Merseyside lacks confidence to tackle elderly isolation

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Nearly a third of people in Merseyside lack the confidence to tackle the isolation of elderly people in their community.

More than two thirds (71 percent) would like to help with the issue but almost a third (29 percent) do not have the confidence to do so, a survey for innovation foundation Nesta shows.

The survey comes as Nesta and the Cabinet Office encourage organisations to submit ideas to the Ageing Well Challenge that bring people together in new ways to combat this pressing social concern.

Although 19 percent of people in Merseyside are already trying to reduce the isolation of elderly people, 41 percent of respondents said that they would like to help but don’t know how. A further 12 per cent said that they have ideas which they have not yet put into action.

Emma Soames from Saga Magazine said:

“Tackling social isolation is enormously important in helping older people to maintain their quality of life. There must be some great ideas out there for tackling it and this is a great opportunity to make a brilliant idea happen.”

The Ageing Well challenge, which is run by Nesta’s Centre for Challenge Prizes and funded by the Cabinet Office, seeks ideas to reduce the isolation and increase the mobility of vulnerable older people, by creating new opportunities for people to give time, skills and resources.

The deadline to submit ideas to the Ageing Well challenge is 14 September 2012 and application is via

Vicki Purewal, Head of the Centre for Challenge Prizes, Nesta, said:

“It is clear that communities have the ideas, skills and the passion to help reduce isolation in old age, but sometimes we all need motivation and help to get ideas off of the ground and a boost in confidence. This is why we have launched the Ageing Well challenge prize.

“Elderly isolation is a growing issue with research from organisations such as The Campaign to End Loneliness showing that elderly feel trapped and alone. We want people to submit new ideas that have the potential to reduce isolation and increase mobility of elderly by tapping into collective skills and resources of neighbours, family, peers, organisations and businesses.”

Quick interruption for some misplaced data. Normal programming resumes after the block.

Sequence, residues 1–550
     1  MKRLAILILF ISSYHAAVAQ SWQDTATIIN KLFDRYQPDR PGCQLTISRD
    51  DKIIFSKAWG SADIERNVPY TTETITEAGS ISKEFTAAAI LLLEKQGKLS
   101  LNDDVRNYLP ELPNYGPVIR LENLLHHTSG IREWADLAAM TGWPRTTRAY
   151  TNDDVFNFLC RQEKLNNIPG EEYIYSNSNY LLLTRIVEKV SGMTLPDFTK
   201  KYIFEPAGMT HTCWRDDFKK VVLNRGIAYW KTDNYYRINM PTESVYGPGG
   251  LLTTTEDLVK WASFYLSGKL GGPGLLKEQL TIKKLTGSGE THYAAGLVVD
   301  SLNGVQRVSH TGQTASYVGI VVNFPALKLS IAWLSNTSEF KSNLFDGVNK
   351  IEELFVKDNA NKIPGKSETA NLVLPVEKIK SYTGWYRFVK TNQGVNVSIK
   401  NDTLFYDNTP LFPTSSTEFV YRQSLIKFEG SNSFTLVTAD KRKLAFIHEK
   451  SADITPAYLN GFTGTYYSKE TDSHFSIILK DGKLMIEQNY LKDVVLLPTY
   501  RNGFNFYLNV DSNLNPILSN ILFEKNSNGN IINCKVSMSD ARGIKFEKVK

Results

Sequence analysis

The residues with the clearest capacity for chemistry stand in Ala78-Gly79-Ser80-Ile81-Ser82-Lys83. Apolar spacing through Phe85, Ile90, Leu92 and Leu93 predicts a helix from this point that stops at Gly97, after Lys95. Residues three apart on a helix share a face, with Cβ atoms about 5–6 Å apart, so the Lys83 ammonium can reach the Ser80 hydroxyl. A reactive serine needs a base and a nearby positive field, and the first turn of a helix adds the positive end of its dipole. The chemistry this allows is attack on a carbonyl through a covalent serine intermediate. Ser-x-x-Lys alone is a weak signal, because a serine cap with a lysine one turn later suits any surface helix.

Nick Hurd, Minister for Civil Society, said:

“It’s very encouraging how many people would like to help reduce loneliness in our communities. Through this Challenge Prize we are looking to support great new ideas that will make it easier for more people to get involved and make a positive difference.”

Less than a quarter (24 percent) of people in Merseyside volunteered for community action projects in the last year, yet more than a third (39 percent) plan to in the next year.

 In the survey, people overwhelmingly called for community spirit, social groups, community living, good transport and strong relationships with family and friends of all generations when asked what they wished for to help combat isolation and lack of mobility among elderly people.

The Ageing Well challenge prize will reward innovative approaches that take these and other areas affecting isolation into consideration.

Twenty-five entries to the Ageing Well challenge will be shortlisted and given the support and opportunity to develop a detailed plan for their idea. Five concepts with the potential for sustainability and scale will then each receive up to £10,000 and professional advice to set up and test their projects.

The idea that is proving most effective at reducing isolation, and has the potential to be even more effective in the future, will be selected in September 2013 and will be awarded £50,000.

Entry is via online application at and the deadline is noon on 14 September 2012.

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